~Pay bills on time. (People who provide services need and expect to be paid on time. If our employer doesn’t pay us on time, we can’t pay our bills. If we don’t pay those who work for us on time, they can’t pay theirs either, and then the cycle gets broken and chaos ensues.)
~Put away for retirement. (Yes, this means saving and not spending every penny we have. We save for retirement in our house, and that’s hard. And yet there will be those who will cry foul when we have saved and they haven’t, and say somehow the “system” is unfair. We are responsible for ourselves and our well-being, and that includes what happens when we don’t want to work anymore.)
~Work. (And on the subject of working, we all need to be doing something to provide for our own needs. If a person doesn’t want to work and expects to receive money from someone who is working, well, not only is that not fair, it’s not scriptural either. In 2 Timothy 2: 5-6, St. Paul writes “An athlete is not crowned unless he competes according to the rules. It is the hard-working farmer who ought to have the first share of the crops.” In these verses, St. Paul re-iterates that there is a reward for following the rules of fair competition and fair share of labor.)
~Have health insurance. (We need to provide for our own health, that can’t fall on the shoulders of others. If we want health benefits, we have to be willing to pay the costs.)
~Do not litter. (Littering is a sign of laziness and disregard for others. It’s like saying “I don’t care about anyone else, so I’ll just drop my candy-wrapper on the ground, as if the world revolves around me.”)
~Do not steal. (Stealing is becoming very pervasive in the world, whether it’s shoplifting, or not working a full day for your employer because you are on social media or doing personal things on company time.)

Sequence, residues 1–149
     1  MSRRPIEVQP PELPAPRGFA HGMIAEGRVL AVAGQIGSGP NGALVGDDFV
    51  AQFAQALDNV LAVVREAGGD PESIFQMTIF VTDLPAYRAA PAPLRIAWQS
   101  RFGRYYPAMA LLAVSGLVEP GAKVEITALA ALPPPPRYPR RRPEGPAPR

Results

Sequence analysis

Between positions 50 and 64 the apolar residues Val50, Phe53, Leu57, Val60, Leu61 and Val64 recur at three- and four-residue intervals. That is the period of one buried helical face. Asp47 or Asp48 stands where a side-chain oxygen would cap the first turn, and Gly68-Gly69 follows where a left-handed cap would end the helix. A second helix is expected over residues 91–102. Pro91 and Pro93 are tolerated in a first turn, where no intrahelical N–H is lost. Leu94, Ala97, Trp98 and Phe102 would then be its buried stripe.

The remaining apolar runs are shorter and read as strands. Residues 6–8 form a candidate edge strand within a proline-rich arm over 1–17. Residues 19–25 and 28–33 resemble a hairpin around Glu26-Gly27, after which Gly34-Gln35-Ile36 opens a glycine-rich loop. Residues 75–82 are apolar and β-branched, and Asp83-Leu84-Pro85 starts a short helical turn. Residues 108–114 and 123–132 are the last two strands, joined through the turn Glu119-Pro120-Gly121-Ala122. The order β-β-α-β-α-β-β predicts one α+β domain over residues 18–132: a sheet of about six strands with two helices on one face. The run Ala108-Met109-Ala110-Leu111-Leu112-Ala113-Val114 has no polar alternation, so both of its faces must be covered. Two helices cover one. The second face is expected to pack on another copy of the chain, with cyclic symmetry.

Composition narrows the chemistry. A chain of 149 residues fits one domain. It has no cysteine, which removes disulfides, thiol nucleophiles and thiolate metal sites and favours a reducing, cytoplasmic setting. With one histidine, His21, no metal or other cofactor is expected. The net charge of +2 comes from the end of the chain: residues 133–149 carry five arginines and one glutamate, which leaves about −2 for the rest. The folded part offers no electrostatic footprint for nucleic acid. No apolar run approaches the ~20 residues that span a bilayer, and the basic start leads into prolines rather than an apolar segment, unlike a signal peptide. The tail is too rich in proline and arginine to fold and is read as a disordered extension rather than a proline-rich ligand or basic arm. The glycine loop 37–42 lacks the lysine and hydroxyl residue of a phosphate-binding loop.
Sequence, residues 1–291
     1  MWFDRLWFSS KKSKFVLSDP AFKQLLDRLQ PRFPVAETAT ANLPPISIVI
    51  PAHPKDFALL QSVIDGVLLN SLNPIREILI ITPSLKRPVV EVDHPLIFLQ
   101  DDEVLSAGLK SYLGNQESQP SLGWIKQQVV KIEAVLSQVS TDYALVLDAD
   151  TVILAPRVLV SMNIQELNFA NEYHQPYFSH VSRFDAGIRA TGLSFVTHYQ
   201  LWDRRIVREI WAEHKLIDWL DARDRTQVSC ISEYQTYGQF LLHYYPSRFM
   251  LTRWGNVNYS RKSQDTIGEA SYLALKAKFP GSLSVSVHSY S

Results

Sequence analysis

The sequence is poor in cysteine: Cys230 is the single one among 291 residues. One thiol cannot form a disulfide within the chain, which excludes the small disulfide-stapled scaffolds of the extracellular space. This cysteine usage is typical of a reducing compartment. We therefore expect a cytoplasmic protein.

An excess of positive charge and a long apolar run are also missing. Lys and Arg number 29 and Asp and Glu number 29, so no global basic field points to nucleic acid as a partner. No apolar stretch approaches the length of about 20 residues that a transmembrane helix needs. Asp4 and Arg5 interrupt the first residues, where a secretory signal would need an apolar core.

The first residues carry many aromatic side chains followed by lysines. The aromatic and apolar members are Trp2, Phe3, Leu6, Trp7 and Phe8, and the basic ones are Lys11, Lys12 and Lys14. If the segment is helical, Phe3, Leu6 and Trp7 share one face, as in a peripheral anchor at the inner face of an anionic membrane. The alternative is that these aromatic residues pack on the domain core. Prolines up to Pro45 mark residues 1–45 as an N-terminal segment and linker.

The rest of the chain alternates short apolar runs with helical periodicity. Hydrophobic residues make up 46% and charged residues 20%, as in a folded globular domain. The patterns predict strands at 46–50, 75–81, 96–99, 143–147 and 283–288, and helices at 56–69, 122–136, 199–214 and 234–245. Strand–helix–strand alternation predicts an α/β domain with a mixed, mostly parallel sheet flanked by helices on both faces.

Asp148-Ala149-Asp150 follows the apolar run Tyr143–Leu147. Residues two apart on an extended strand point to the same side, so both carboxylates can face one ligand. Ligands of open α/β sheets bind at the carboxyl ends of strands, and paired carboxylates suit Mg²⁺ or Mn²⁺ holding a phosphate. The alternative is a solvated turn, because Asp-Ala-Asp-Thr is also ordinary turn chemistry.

~Do not physically harm other people. (Imagine if people walked out the door each morning saying this mantra “I don’t want to hurt anyone.” There is a lot of hurt in the world—whether it is physical or emotional or some other kind of hurt—we are, as the medical world says “to do no harm.”)
When I look at this brief list of responsibilities to society (and the list could be much longer), these all seem like common sense and yet we see people wantonly not meeting these responsibilities which is why the world is the way it is, in large part. When we see ourselves as part of the greater society, and when we do the minimum things listed here, if we all did that, the world would be a much better and safer place. This list doesn’t even touch things like recycling, conserving and not wasting. People are protesting and clamoring for these things on a daily basis. And yet, there are even more basic things like safety that we are lacking. Everyone has a role to play in keeping the world safe. An old sports saying is “If everyone plays average, no one has to be outstanding. If everyone makes the routine plays, no one has to make spectacular ones.” Everyone needs to do their part on what is routine, as it pertains to the greater society.
Lord, thank You for the gift of the world in which I live—for my family, my home, my car, my job, my city, the roads I drive on, everything that I have and everything that I do that is good has its source from You. Help me to remember to do my part to help serve in our society, whether it is to drive more carefully or pay a bill on time. All of it adds up in service to the world and to You. Help me to be a better servant not only to those I know, but especially to those I do not know, the people of my greater community. Amen.
Serve society today by being clean, safe, respectful and law-abiding. Nothing fancy, just fulfill the basics.